1. What is skin cancer?
Skin cancer is the most common type of cancer in the United States. There are multiple types of skin cancer including melanoma, basal cell carcinoma and squamous cell carcinoma, in addition to more rare types. Basal cell carcinomas and squamous cell carcinomas together are called nonmelanoma skin cancer. These types of skin cancers represent the vast majority of skin cancers diagnosed.
2. Who gets skin cancer?
Though skin cancer is more commonly seen in older adults and people with fair skin, skin cancer can be found in anyone. Most skin cancers develop on areas of the body that have seen a lot of sun, but it can develop anywhere.
3. Why do people get skin cancer?
There are a lot of reasons someone can develop skin cancer, with one of the more common reasons being damage to the skin by sun exposure over time. Some other risk factors for developing skin cancer include family history of skin cancer, history of tanning bed use and immunosuppression.
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4. What does it mean to have a precancer of the skin?
Most of the time, the term precancer of the skin refers to actinic keratoses, which are spots that have had enough sun damage to start trying to turn into a skin cancer. However, they are not a true skin cancer yet. Often these are treated in the office by freezing in order to prevent them from turning into a skin cancer, though there are other treatment options available. Sometimes providers will call abnormal moles precancers, but this terminology for moles is controversial.
5. What are the signs of melanoma?
The signs of melanoma can be remembered by using the ABCDEs of melanoma. “A” stands for asymmetry, meaning that one side of the mole looks different from the other side. “B” stands for borders, as the edges of a melanoma can often be uneven, notched or irregular. “C” is for color, as most normal moles are uniform in color whereas melanoma may have multiple colors or colors in an irregular pattern. “D” is for diameter, as melanomas are often larger than a pencil eraser, though there are some that are smaller. Finally, “E” is for evolving or changing — if a mole is growing, bleeding or changing in shape or color, it needs to be evaluated. If you notice that your moles have any of the ABCDEs of melanoma, it is recommended getting them examined by a board-certified dermatologist.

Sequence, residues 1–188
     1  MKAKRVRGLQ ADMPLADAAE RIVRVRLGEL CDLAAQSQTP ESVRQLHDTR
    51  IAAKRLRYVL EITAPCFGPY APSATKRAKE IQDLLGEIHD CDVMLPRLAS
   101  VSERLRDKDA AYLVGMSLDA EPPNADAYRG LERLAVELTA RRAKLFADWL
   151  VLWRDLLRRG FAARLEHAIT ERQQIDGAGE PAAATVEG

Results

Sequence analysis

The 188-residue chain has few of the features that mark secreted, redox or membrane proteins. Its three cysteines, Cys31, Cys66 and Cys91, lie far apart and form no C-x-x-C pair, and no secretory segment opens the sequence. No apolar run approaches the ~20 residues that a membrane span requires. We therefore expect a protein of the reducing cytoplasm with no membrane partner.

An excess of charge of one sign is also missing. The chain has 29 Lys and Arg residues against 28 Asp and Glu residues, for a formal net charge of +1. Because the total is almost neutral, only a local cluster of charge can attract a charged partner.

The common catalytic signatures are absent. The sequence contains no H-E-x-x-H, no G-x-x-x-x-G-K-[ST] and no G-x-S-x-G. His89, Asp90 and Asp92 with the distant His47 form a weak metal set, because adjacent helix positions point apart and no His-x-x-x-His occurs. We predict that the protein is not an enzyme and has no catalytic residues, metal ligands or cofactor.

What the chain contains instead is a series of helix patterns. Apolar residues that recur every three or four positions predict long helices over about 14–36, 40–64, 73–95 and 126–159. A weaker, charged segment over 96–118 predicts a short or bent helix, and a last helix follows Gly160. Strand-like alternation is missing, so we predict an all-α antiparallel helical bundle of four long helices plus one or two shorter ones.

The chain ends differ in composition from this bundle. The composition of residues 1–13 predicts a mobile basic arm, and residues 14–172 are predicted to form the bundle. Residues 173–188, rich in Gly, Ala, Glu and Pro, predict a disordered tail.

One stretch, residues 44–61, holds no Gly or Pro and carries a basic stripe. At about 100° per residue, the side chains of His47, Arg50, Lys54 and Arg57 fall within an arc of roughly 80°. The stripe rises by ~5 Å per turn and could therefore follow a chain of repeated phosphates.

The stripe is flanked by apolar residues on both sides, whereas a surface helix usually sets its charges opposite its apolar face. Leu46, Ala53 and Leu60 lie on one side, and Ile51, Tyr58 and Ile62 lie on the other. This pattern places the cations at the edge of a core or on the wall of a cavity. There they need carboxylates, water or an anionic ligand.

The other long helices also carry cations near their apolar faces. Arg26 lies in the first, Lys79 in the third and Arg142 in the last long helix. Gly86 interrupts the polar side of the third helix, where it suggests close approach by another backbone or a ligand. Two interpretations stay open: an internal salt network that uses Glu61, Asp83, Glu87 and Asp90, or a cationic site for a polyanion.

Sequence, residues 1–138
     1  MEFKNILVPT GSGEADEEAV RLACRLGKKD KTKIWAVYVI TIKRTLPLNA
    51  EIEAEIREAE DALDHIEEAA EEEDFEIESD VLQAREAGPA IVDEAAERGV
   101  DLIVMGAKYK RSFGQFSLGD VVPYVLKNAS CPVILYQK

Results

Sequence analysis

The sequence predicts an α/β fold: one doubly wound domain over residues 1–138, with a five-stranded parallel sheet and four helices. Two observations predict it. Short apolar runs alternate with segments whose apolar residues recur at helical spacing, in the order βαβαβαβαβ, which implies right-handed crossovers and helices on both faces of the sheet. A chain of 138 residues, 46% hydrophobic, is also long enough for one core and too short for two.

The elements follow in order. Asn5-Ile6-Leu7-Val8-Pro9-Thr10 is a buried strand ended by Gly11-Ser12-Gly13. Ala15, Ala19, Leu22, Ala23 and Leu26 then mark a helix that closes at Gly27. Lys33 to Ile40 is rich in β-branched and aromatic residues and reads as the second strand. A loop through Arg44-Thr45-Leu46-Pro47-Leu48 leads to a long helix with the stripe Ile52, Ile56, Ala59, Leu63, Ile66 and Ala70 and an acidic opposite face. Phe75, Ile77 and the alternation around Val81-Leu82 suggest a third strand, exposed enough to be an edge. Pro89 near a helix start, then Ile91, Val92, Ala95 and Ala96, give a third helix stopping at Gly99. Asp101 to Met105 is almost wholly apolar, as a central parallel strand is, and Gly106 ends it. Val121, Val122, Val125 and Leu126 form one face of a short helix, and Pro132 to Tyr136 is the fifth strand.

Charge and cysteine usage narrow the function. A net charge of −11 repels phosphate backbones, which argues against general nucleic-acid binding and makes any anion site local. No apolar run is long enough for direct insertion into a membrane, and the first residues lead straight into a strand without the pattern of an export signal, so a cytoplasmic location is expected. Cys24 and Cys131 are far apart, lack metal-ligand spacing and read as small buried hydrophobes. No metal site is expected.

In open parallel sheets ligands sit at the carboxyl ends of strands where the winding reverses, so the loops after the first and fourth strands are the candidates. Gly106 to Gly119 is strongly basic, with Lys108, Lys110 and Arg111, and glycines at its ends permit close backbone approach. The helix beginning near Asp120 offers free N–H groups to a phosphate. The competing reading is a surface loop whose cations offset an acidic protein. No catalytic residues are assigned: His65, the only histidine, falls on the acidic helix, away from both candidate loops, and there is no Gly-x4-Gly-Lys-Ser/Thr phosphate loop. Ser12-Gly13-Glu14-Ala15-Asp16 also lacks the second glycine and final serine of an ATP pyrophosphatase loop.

6. What are the signs of skin cancers other than melanoma?
Basal cell carcinoma and squamous cell carcinoma often show up as new pink or red bumps that do not go away. Sometimes these bumps are shiny, or they can get an irregular rough or scabbing surface. These spots will often continue to grow (sometimes slowly), can become tender or develop into sores that do not heal.
7. How can I prevent skin cancer?
One of the best ways to prevent skin cancer is to protect your skin from the sun and to avoid tanning. For sun protection, the first step is to use sun protective clothing such as wide-brimmed hats and UPF (ultraviolet protection factor) clothing. Sunscreen is also very important. Experts recommend daily use of a broad spectrum sunscreen, SPF 30 or higher, and reapplying at least every two hours when you are outside.
8. What do I do if I think I might have a skin cancer?
The best thing to do if you have a spot of concern is to either notify your primary care provider or make an appointment with a board-certified dermatologist. A dermatologist will be able to let you know whether or not the spot looks like a skin cancer and can guide you through all the necessary steps if the spot is found to be clinically concerning.
9. How are skin cancers diagnosed?
Skin cancers are typically diagnosed through a skin biopsy. A skin biopsy is a simple procedure done in the office where the spot of concern is numbed up through an injection and a small piece of skin is removed. It is sent for processing so it can be looked at under a microscope, and a diagnosis can be made.
10. How are skin cancers treated?
There are many ways skin cancer can be treated, with the most common treatments being surgical removal. There are multiple ways a skin cancer can be removed based on the type of skin cancer, its size or its location. One specialized type of skin cancer treatment reserved for large cancers or cancers in sensitive areas (like skin cancers on the face) is called Mohs surgery and is done by a dermatologist who has undergone specialized training to perform this procedure.
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